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I'd like to build a DIY macro-studio at home for shooting flowers and other objects. I'd like to have an option to shoot with multiple light sources - at least 4. My other priorities are low cost and also correctness of color rendering.

I'm puzzled whether should I choose LED lighting or flashes for that purpose. What considerations should I take into account?

Here are pros and cons of each option that I see.

LED

Pros

  • Relatively cheap (though there are cheap flashes too, so it's possible to buy cheap slave-flashes for additional light sources).
  • Ability to model lighting before shooting.

Cons

  • Poorer color rendering compared to flashes.

Flash

Pros

  • Much more usable outdoors:
    • Flashes can suppress unneeded light by overpowering it.
    • Ability to shoot at very high shutter speeds to avoid blurry images or capture moving subjects.
    • Better battery life.
  • Best color rendition.
  • More lightweight than LEDs.
  • TTL.

Cons

  • More complex/costly setup for multiple flashes with wireless communication.
  • Hard to choose right one - there are so many different flash manufacturers with incompatible wireless communication protocols.
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One very important difference that hasn't been mentioned yet is when you are shooting animals such as insects or other arthropods. They are light sensitive. If you want to have narrow aperture (for getting good depth of field) and high shutter speed (for freezing movement), you need a whole lot of light. And most animals will not stay in place given a whole lot of permanent light: you want it pulsed, namely triggered by the camera. Some LED lights can do this as well, but usually needing quite longer exposure times for comparable results. As a side remark: for things like insect photography, there may be a point in not using TTL for a digital camera but rather the less precise "autothyristor" mode of a flash where the flash itself does the metering: digital camera TTL tends to rely on a pre-flash for the metering that may cause animals like jumping spiders to move before the main flash engages.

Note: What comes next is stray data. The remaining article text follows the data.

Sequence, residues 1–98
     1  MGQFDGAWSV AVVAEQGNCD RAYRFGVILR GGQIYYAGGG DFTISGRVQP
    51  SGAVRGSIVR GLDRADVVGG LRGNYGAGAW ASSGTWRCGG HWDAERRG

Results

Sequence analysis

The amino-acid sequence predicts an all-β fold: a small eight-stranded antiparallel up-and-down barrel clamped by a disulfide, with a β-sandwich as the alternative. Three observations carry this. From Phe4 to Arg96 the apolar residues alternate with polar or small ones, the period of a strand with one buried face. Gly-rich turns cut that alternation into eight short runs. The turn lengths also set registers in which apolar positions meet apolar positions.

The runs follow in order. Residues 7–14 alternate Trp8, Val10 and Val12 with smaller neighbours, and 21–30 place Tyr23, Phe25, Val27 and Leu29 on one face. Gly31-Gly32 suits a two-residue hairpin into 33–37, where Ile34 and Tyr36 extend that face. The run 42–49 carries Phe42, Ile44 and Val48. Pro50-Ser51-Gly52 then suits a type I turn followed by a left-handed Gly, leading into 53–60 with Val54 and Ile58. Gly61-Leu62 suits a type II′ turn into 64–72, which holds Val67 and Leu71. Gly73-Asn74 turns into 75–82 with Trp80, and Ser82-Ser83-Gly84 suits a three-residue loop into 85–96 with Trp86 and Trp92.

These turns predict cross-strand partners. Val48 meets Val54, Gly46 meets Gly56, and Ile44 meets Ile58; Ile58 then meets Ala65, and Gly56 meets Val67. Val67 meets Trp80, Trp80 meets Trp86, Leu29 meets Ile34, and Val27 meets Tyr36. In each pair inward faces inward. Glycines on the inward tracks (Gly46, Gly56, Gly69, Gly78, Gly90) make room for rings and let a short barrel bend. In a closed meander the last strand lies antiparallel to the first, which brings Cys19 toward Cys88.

Another difference is the light spectrum. Many flowers have some very intense pigments and those tend to fall into narrow lines of the color spectrum. A flash has a continuous light spectrum and thus creates a comparatively natural color response while the result with LED lights may be less convincing.

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I'm not sure I agree with your pros & cons. I use both flash & LED for macro. I don't see a colour difference between them, or not one that matters for flowers.

LED pros… you can see what you're shooting before you shoot it.
With flash you're basically trying to focus in the dark, unless you have high-end studio lights with modelling, so it's a budget thing.

Indoor macro still life doesn't need any particular shutter speed, ISO or even aperture, because your DoF is so short anyway & your lighting is controlled to the nth degree, TTL is pointless. You're in manual, for everything. 200 shots to get the lighting right… your subject never gets bored, take as long as you like.

I use LED video lighting for the subject light, & dial up some flash to illuminate my background after my foreground is set.
I paid about £300 for a pair of intensity-variable but fixed 5600k temperature video panels, approx 12"x9" but I add diffuser gel to the barn doors making them broader & flatter, & about £400 for a pair of Godox flashes & the controller. All 4 are used on the photo below.

enter image description here

To go to the opposite end of the budget scale - this week I was on night shoots for a [secret massive budget movie] & the ratio of LED to tungsten has now really swung to LED. Almost all the floods on a massive 500m square backlot set were LED. Only half a dozen tungsten lights on the entire set, used as pick-up spots, mainly on odd dark corners of the far backdrop blue-screen.

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  • Why did you mix constant light panels and flashes? – Gill Bates Oct 24 at 22:05
  • Initially because that's all I had. Now, because it works well. – Tetsujin Oct 25 at 7:06
  • 56K?? or 5600K? – Michael C Oct 25 at 19:59
  • @MichaelC - brain-fade. Fixed, thanks. – Tetsujin Oct 26 at 8:58

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